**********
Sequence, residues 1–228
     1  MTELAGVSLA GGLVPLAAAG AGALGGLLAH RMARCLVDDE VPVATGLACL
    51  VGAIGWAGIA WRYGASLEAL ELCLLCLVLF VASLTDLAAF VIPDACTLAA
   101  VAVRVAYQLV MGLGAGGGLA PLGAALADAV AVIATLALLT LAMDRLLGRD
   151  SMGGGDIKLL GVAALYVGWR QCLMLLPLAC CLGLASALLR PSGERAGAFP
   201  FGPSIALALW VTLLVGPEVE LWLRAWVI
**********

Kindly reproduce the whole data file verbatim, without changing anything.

Sequence, residues 1–228
     1  MTELAGVSLA GGLVPLAAAG AGALGGLLAH RMARCLVDDE VPVATGLACL
    51  VGAIGWAGIA WRYGASLEAL ELCLLCLVLF VASLTDLAAF VIPDACTLAA
   101  VAVRVAYQLV MGLGAGGGLA PLGAALADAV AVIATLALLT LAMDRLLGRD
   151  SMGGGDIKLL GVAALYVGWR QCLMLLPLAC CLGLASALLR PSGERAGAFP
   201  FGPSIALALW VTLLVGPEVE LWLRAWVI